Incoming BP renewables and low-carbon chief Anja-Isabel Dotzenrath said it was “an easy decision” to join the oil & gas supermajor, which she claimed offers a unique opportunity to help shape the energy transition.

Dotzenrath will in March 2022 start work as BP’s executive vice president (EVP), gas & low carbon energy after last month leaving RWE Renewables, where she was CEO of one of the world's largest green power businesses.

“BP’s strategy is transformational – an integrated energy company from what was an oil company,” Dotzenrath told Recharge in an exclusive interview.

“I was absolutely intrigued by the vison and the strategy [CEO] Bernard [Looney] and the leadership team of BP put forward last year, and the massive ambition to grow the low carbon business.

“It’s a fascinating role and it’s the right company for me – global reach, the possibilities for funding, a great team.

“It was an easy decision for me to join BP,” said Dotzenrath, who was approached by the supermajor over the job and was hailed by Looney as bringing a crucial delivery track-record to its ambitions.

When she replaces her predecessor Dev Sanyal – who is leaving BP for a new job elsewhere – Dotzenrath’s remit, among other areas, will include achieving targets to develop 20GW net of renewable assets by 2025 and 50GW by 2030, among the most stretching green power goals globally.

The incoming EVP claimed BP is in many respects “in a much stronger position than some of the pure-play renewables companies” to deliver on a massive scale in the energy transition.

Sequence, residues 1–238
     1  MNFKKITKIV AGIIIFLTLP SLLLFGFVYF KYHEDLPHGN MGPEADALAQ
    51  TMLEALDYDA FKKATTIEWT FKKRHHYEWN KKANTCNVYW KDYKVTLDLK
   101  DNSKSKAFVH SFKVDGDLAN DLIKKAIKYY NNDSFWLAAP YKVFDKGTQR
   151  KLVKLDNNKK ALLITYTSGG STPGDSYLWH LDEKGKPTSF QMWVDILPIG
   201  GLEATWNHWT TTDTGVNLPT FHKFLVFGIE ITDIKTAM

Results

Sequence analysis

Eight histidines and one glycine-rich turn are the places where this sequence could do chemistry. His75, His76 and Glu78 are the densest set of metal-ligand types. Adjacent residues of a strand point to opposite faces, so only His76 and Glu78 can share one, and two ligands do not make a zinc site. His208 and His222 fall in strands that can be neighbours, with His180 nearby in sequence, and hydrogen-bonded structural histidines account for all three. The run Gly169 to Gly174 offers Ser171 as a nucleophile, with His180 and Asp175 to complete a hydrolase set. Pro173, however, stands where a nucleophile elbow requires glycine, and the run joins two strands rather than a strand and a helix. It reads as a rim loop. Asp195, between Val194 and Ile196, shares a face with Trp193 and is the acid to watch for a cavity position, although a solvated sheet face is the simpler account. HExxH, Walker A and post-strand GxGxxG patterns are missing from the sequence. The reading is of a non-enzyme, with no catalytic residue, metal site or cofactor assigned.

“BP has fantastic strengths. If you look at its global footprint… this is a core strength. It comes down to accessing big infrastructure projects. You need to have the trust of governments, you need to have access to the right partners to bring these massive multi-billion projects to life.”

Dotzenrath said: “If you look at the track record in the last couple of months, still under Dev’s leadership, the company made huge progress in building a pipeline of offshore wind, solar – this is the proof of the concept, and more to come.”

Integrated vision

BP’s early inroads into offshore wind include its success in conjunction with EnBW in securing up to 3GW of Irish Sea seabed rights for future development in the UK Crown Estate’s most recent round of leasing auctions in February.

While BP was delighted to secure the sites, Looney has faced claims from some analysts that the group paid too much for the rights – criticism he has robustly faced down.

With Dotzenrath at that stage still at RWE – which separately enjoyed its own success in Round 4 – is she comfortable with the leasing deal she has inherited?

“I’m super-comfortable [with the Irish Sea leases]… I’m absolutely delighted we have this strong capability in the UK,” she said, adding that the wind farms themselves were just one element of a far wider integrated value chain.

“There is additional value BP can create with integrated energy solutions. We need hydrogen, we need biofuels, we need gas for a very long time.

“[And] If you want to scale in renewables, if you don’t have a leading-edge global trading capability you will run into problems.”

Dotzenrath told Recharge that BP’s transition in some respects mirrors the coal-to-green processes underway at giant utilities she has worked for. “E.ON went through a huge transformation process, then RWE – I’m very happy to bring that experience to BP.”

“I love the vision – it’s super-credible, super-ambitious.”

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